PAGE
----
Symbolism in Homer’s Odyssey: On the Blindness of Polyphemos

As many of you know, I have been teaching Homer’s Odyssey for four years now. During this time I have taught it four times to high school students, and I have also had the pleasure to teach community members and parents for the last three years in bi-weekly seminars. So, by the end of this year, I will have taught this Ancient epic poem through lecture and seminar seven times. Add to that my reading it during graduate school, taking an Ancient Greek preceptorial on it, and having “read” it in undergraduate education, and this is my tenth time going through the ancient epic. So, it is high time to share some mature reflections on the meaning of certain key moments in the text as something of a celebration of this feat! Today, we will begin with the cyclopes episode and the dread monster, Polyphemos.

Image result for polyphemus the cyclops


As almost everybody knows, during the “cyclops episode” Odysseus gets himself into trouble looking for a “guest-gift” from a man with savage and wild nature, who also happens to be a giant, man-eating cyclops. This cyclops eats six of Odysseus’ men, famously believes Odysseus when he calls himself ou tis or Nobody, and is eventually physically blinded by Odysseus before calling down a curse on him after he reveals his name. Below, we will consider the ways in which Polyphemos is illustrated as truly blind, regardless of whether he has his physical sight, and that in fact he only “sees” after he loses his capacity for physical sight, much as the illuminated poet of the Phaiakians, Demodokos, cannot physically see anything but the truth of stories, and the blind prophet Teiresias, cannot physically see, but can see the truth of the future.

The four examples of Polyphemos’ blindness to intangible truths is illustrated in four events: 1) his blindness to being deceived about Odysseus’ “given” name, Nobody; 2) his blindness of the fact that Odysseus would dare injure or kill him; 3) his blindness to seeing the path beneath his rams as a means of escape, and of course 4) his blindness to the fact that a small and insignificant appearing man might be the very man of prophecy who was sent to bring about his blindness (sort of similar and opposite to another man sent by prophecy to the Western world to alter one’s vision.) Let us now consider what these illustrative examples teach us about the true nature of the cyclops’ sight.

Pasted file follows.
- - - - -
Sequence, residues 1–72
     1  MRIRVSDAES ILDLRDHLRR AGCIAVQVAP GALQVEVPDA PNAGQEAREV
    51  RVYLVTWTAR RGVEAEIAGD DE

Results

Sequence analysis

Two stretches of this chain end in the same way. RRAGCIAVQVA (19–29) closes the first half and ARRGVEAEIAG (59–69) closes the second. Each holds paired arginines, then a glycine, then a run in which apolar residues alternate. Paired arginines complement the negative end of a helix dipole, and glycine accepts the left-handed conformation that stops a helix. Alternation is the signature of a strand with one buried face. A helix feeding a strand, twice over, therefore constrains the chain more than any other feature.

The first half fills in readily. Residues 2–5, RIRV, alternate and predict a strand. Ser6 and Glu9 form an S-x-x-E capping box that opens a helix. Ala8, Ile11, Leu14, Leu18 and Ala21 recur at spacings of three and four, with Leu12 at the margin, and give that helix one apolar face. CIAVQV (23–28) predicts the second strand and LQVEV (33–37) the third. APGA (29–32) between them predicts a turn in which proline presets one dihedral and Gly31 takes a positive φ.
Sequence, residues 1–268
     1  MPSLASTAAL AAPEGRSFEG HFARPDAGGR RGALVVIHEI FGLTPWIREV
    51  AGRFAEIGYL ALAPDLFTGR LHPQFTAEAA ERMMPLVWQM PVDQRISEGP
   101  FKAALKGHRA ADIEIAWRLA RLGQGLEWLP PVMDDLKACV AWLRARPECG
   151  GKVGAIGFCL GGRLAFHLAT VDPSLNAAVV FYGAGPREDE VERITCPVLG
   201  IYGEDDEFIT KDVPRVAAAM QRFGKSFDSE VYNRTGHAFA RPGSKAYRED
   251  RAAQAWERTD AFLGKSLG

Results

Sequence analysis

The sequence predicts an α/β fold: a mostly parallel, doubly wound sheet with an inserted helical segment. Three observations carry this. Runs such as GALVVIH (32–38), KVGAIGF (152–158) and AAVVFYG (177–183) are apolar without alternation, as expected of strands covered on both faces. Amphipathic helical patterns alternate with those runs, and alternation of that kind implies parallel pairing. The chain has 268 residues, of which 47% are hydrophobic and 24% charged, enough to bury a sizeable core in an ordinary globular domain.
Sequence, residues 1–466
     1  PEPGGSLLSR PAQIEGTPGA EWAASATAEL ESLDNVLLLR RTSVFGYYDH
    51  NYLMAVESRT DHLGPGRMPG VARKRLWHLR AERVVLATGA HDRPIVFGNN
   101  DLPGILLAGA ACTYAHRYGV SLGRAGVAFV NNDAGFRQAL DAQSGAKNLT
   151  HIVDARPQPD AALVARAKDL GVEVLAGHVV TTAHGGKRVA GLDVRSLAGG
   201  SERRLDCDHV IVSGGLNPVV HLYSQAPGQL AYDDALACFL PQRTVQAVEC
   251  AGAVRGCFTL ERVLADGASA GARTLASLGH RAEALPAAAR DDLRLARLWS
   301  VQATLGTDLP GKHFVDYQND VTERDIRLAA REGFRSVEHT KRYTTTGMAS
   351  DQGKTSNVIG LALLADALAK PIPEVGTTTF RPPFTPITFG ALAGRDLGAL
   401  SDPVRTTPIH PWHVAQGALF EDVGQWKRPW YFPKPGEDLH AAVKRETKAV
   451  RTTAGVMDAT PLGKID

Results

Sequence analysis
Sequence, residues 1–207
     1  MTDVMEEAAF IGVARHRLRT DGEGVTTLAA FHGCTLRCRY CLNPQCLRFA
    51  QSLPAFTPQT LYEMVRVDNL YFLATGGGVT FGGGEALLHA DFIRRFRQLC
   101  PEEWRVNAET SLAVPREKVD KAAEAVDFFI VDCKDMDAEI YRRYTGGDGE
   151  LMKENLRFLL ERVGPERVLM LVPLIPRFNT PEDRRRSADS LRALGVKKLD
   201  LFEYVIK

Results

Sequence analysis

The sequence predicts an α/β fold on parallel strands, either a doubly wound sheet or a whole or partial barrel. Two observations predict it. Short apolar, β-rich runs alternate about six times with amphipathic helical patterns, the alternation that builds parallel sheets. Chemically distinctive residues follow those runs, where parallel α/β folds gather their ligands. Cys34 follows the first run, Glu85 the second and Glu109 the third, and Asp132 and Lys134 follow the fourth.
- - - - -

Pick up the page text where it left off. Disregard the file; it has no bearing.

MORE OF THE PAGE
First and foremost, one immediately knows that sight and seeing will be huge parts of this episode by the fact that Polyphemos is a cyclops or a Kuklos+ops=Circle-eye. Though he is reported to have “brows” which are singed by Odysseus’ olive-brand, the cyclops is known to have one eye by nature or due to some injury at another time. The point, however, is to note that a creature with one eye lacks depth-perspective in the natural world, but in this world of epic imagination, his one eye indicates his lack of perspective in general.

Image result for polyphemus


How he demonstrates his lack of perspective* is by the following acts. First, Odysseus lies to him multiple times: the first time, Polyphemos asks after Odysseus’ ship’s location, and though Odysseus has 12 ships docked at the island, he savvily responds that Poseidon had destroyed his ship and that only he and his 12 companions remained. Later again, while Odysseus is ingratiating himself to the cyclops and the monster is consuming unmixed wine, the cyclops asks who Odysseus is, to which Odysseus famously responds: Nobody. All this goes to show, so far, that Polyphemos does not see through the words and intentions of Odysseus, whereas Odysseus in his responses to Polyphemos, clearly sees what the monster is up to. Therefore, if Odysseus happens to defeat the monster, who is much stronger and larger than Odysseus, the reason would be that seeing through, or having perspective, or cunning, is a more valuable skill than brute and blind strength. Odysseus, of course, does escape.

Next, the foolish cyclops assumes or does not see the threat posed by Odysseus. He falls asleep drunk, vomits up both wine and human remains, and leaves himself open to attack. To his mind, Odysseus would not dare attack him because only Polyphemos can move the boulder blocking the entrance to the cave. He has however miscalculated, failed to see, that Odysseus might come up with a circuitous and complex plan of escape, which involves physically blinding the cyclops. The cyclops therefore fails to account for a threat precisely because he does not see Odysseus as one. He pays with his physical sight for this. And as Polyphemos yells out that “nobody is hurting me by force or violence,” of course nobody helps him!

After losing his sight, Polyphemos then himself hatches a plot to catch Odysseus. He opens the cavern and sits himself at the entrance to touch and inspect the backs of his goats, sheep, and rams as they exit. That said, he fails to see that Odysseus and his men might just as well lash themselves beneath the rams and escape scot-free. He even fails to see, while wishing that his ram could speak, that it could tell him where Odysseus was. But since it always leads the pack, and today is so clearly weighed down, he fails to see that the ram has told him where Odysseus/Nobody is! And it is the cyclops’ foolish assumptions which keep him from seeing it! So, though his plan takes account of part of the whole situation, again he lacks the perspective necessary to see the situation correctly, or wholly, blinded by his own presuppositions.

Image result for odysseus under sheep